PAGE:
Peter J. Leithart is President of Trinity House, Birmingham, Alabama, and an adjunct Senior Fellow at New St. Andrews College. He is author, most recently, of Gratitude: An Intellectual History (Baylor).

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The Passion, Again

From Leithart
I’ve read some surprising things in The New Republic : Andrew Sullivan ‘s analysis of the Roman Catholic Church several years ago was very insightful, and Eugene Genovese , reviewing a . . . . Continue Reading »

Air Travel

From Leithart
Air travel requires a reversion to infantile behavior, or at best to behavior characteristic of elementary school kids. You’ve got to stay in the seat, you can’t go to the bathroom . . . . Continue Reading »

Walter Scott, Again

From Leithart
Further reflection on Scott: His anti-romanticism, as I suggested, is a common theme in early novel-writing. Defoe furnishes another example. Robinson Crusoe is warned by his father against running . . . . Continue Reading »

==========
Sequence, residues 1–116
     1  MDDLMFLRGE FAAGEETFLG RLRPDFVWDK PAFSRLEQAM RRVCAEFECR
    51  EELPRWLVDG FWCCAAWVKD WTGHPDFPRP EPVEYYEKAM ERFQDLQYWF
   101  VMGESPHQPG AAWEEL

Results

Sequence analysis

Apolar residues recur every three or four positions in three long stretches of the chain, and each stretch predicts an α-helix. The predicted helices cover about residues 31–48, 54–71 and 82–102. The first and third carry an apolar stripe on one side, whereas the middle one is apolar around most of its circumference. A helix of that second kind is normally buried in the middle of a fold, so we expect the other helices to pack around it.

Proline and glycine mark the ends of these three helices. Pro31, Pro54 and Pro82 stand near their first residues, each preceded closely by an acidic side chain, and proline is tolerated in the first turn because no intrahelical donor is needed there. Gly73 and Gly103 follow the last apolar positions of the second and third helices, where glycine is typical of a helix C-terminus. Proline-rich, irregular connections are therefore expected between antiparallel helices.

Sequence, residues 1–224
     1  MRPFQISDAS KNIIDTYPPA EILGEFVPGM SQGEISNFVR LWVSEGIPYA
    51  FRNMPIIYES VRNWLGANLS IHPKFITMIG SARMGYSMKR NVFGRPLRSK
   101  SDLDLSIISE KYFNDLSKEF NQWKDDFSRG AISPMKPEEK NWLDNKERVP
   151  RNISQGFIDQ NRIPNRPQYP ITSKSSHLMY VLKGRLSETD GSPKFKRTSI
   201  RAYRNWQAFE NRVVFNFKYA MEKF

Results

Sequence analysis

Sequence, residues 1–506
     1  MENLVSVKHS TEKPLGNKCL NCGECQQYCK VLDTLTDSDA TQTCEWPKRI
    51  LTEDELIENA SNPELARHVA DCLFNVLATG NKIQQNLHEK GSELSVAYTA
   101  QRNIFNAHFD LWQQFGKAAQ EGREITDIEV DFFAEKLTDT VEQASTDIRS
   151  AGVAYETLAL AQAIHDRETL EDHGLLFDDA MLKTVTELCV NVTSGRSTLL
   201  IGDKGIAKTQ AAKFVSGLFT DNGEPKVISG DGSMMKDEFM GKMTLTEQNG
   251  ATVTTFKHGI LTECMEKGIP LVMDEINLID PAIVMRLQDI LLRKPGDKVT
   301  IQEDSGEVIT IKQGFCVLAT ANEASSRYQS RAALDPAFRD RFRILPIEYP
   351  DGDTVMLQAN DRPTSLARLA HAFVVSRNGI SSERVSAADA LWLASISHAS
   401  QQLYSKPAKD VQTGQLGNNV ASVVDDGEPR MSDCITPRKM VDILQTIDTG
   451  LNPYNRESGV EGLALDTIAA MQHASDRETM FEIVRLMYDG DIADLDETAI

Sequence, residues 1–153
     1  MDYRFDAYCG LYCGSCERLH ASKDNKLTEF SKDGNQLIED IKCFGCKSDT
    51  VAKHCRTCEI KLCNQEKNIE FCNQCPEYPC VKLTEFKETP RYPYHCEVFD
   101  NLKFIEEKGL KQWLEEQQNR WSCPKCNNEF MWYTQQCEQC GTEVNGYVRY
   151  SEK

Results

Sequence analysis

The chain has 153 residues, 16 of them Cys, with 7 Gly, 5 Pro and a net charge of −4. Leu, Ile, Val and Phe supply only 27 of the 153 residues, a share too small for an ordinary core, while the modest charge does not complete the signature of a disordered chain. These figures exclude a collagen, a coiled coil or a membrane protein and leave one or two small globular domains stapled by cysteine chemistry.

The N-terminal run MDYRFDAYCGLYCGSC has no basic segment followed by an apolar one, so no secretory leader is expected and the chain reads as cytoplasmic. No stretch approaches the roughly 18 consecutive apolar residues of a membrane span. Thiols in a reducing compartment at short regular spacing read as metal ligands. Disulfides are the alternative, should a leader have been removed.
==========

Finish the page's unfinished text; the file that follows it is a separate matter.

The Antiquity of Moses

From Leithart
The church fathers went to great lengths to prove that Moses was both more antique than Greek sages, and also to show that the Greek sages were dependent on Moses. While historically plausible, these . . . . Continue Reading »

Spirit As Fragrance

From Leithart
Cyril of Alexandria developed an intriguing conception of the Spirit as the “fragrance” of God. The Spirit is “a living and active fragrance from the substance of God, a fragrance . . . . Continue Reading »

Walter Scott

From Leithart
Scott is the romantic’s romantic, and yet his novels display the struggle against romance that is common in early novel-writing ( Don Quixote ; Northanger Abbey ). Edward Waverley , the . . . . Continue Reading »